Where is Alice Wong, a San Francisco activist who created the Disability Visibility Project, and has been helping to archive disability history through audio, social media, and on the web> There are plenty of activists here in the U.S. alone like German Parodi, Jensen Carabello, Lydia Brown, Leroy Moore, Finn Gardiner, Dara Baldwin, Sandy Ho, Stacey Milbern, Victoria Rodríguez-Roldán, etc. That is not including disabled POCs in the UK or Australia. Why is not one of them included?!
What is also missing from the discourse is that many activists, especially those in the United States, started out as civil rights activists. Many early ADAPT activists did not realize that disability rights were something to fight for initially. As a result, several early disability rights activists were engaged in the civil rights movement first. That is why so much of our movement has evolved from the practices of civil rights including nonviolent civil disobedience. We have taken strategies, expressions, chants,and the overall movement is based on the fight for civil rights. We cannot remove ourselves from the work of black and brown activists, because our entire movement is based upon their work.
At one point in the film, there is an infamous picture with one of the leaders of our movement here in the states, Justin Dart Jr. rolling down the street with a pack of crips, and a banner above their heads that says,”Injustice Anywhere is a Threat to Justice Everywhere!” It is a direct quote from Dr. Martin Luther King Jr. We can include their words and their actions, but we cannot include black and brown disability activists in the actual productions and other recollections of our history? That is not okay, and it personifies the major problem our community is currently fighting over the lack of inclusion in the disability rights movement. As important as this film is, and as imperative as the content of the film is, it is a gross misjudgment to completely exclude black and brown disabled people from being a part of this film, and not letting their voices be heard.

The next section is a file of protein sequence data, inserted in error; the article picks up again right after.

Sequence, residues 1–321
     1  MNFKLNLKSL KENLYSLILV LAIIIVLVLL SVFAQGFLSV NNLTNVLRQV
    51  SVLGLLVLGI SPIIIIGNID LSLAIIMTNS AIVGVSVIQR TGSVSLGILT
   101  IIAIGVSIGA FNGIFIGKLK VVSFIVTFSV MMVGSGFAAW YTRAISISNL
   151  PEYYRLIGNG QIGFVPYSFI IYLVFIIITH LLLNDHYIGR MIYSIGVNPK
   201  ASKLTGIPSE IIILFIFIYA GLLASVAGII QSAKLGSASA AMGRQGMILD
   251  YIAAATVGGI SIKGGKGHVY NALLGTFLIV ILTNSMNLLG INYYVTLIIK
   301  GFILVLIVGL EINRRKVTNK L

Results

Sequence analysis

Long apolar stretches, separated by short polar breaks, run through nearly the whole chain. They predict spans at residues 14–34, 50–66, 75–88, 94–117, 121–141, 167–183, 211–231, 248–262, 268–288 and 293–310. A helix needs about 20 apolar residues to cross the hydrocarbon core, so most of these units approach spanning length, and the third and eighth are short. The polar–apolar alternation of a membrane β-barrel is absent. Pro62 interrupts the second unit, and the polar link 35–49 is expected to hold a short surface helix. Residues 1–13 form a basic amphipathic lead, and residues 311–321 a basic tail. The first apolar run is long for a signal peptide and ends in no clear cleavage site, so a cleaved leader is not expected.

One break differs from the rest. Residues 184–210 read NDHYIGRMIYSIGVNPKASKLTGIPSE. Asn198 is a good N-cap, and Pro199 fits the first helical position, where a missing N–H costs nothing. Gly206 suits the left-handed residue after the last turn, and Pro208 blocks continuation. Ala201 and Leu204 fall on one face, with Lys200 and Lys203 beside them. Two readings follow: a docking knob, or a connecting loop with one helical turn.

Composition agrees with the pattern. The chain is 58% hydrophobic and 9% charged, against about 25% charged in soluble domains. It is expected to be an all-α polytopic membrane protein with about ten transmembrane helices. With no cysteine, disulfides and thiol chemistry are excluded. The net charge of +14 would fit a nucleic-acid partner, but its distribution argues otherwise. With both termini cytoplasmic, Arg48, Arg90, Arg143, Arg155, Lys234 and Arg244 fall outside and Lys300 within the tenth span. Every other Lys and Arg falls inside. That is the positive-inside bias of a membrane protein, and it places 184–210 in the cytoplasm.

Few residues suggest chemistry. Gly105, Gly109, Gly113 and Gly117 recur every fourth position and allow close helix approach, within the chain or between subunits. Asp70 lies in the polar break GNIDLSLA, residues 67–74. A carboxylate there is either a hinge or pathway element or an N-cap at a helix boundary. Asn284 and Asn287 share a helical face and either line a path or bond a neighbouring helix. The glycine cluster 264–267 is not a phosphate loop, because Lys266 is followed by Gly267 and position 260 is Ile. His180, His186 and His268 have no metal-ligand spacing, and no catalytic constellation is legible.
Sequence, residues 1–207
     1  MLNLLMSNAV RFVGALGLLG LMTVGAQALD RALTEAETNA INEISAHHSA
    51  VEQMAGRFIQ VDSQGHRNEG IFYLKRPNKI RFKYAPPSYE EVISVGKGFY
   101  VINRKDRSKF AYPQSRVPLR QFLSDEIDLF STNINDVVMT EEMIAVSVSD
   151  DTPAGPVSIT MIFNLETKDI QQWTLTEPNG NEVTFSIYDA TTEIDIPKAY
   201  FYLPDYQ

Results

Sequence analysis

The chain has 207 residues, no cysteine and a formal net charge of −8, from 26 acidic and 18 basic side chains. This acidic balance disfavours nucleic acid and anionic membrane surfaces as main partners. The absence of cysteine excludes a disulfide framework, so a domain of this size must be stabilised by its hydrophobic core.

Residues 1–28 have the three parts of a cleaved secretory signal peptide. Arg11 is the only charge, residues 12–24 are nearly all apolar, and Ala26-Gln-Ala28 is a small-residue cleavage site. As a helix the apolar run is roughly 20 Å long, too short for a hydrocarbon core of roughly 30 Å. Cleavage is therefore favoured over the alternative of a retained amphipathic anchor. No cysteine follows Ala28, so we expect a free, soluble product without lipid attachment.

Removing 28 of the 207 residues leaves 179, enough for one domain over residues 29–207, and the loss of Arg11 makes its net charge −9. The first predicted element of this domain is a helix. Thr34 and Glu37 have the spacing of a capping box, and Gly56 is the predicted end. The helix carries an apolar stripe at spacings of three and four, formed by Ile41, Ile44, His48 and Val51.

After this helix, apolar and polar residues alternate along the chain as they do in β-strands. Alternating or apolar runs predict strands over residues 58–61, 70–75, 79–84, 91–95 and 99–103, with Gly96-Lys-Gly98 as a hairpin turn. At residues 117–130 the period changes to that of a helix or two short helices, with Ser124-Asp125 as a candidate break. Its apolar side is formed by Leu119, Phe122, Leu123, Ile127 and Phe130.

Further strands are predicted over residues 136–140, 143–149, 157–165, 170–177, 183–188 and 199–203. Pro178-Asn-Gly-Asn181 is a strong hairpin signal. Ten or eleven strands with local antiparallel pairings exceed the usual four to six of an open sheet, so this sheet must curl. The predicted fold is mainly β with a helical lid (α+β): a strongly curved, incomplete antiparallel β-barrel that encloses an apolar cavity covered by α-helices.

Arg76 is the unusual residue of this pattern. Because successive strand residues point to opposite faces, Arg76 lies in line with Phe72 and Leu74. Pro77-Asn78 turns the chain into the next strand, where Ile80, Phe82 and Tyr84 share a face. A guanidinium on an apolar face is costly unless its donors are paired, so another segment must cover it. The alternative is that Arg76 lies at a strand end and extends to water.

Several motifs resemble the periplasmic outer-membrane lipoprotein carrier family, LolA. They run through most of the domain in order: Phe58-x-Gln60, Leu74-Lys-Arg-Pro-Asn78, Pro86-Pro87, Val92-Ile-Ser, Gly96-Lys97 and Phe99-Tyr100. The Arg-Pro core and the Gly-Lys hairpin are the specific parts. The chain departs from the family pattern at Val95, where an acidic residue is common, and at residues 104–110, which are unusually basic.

It also highlights how LGBTQ disabled activists and discussion about intersectionality are nearly absent. The filmmakers are Australian and they did not include the work in the sexual liberation of disabled people by Australian disability activists like Jax Jacki Brown? That could have elevated the story even further. What about the history of activists like Laura Hershey and her partner, Robin Stevens, Corbett O’Toole, and several of the black and brown activists I listed before, who are also LGBTQ such as Anita Cameron, Stacey Milbern, Victoria Rodríguez-Roldán, and Lydia Brown?! There are many disabled LGBTQ activists, who are doing intersectional work that is imperative to disabled liberation, and yet intersectionality, in general, is excluded from this film.